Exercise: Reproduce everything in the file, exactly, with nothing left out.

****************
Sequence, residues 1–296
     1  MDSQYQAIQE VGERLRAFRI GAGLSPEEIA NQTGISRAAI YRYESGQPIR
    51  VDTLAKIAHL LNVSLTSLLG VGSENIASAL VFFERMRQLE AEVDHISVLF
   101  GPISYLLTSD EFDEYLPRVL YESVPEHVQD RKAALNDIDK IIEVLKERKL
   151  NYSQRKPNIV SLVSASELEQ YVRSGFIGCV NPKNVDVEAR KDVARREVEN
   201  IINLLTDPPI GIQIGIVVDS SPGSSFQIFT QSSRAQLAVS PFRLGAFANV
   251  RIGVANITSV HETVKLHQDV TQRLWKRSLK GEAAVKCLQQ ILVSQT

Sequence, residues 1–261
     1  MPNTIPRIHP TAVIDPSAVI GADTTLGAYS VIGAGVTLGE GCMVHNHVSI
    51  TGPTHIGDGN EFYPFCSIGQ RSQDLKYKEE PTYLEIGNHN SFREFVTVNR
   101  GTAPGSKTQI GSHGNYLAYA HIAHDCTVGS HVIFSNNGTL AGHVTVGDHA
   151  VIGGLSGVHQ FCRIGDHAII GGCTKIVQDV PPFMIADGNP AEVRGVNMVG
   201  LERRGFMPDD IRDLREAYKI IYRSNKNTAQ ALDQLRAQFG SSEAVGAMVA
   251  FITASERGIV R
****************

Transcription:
Sequence, residues 1–296
     1  MDSQYQAIQE VGERLRAFRI GAGLSPEEIA NQTGISRAAI YRYESGQPIR
    51  VDTLAKIAHL LNVSLTSLLG VGSENIASAL VFFERMRQLE AEVDHISVLF
   101  GPISYLLTSD EFDEYLPRVL YESVPEHVQD RKAALNDIDK IIEVLKERKL
   151  NYSQRKPNIV SLVSASELEQ YVRSGFIGCV NPKNVDVEAR KDVARREVEN
   201  IINLLTDPPI GIQIGIVVDS SPGSSFQIFT QSSRAQLAVS PFRLGAFANV
   251  RIGVANITSV HETVKLHQDV TQRLWKRSLK GEAAVKCLQQ ILVSQT

Sequence, residues 1–261
     1  MPNTIPRIHP TAVIDPSAVI GADTTLGAYS VIGAGVTLGE GCMVHNHVSI
    51  TGPTHIGDGN EFYPFCSIGQ RSQDLKYKEE PTYLEIGNHN SFREFVTVNR
   101  GTAPGSKTQI GSHGNYLAYA HIAHDCTVGS HVIFSNNGTL AGHVTVGDHA
   151  VIGGLSGVHQ FCRIGDHAII GGCTKIVQDV PPFMIADGNP AEVRGVNMVG
   201  LERRGFMPDD IRDLREAYKI IYRSNKNTAQ ALDQLRAQFG SSEAVGAMVA
   251  FITASERGIV R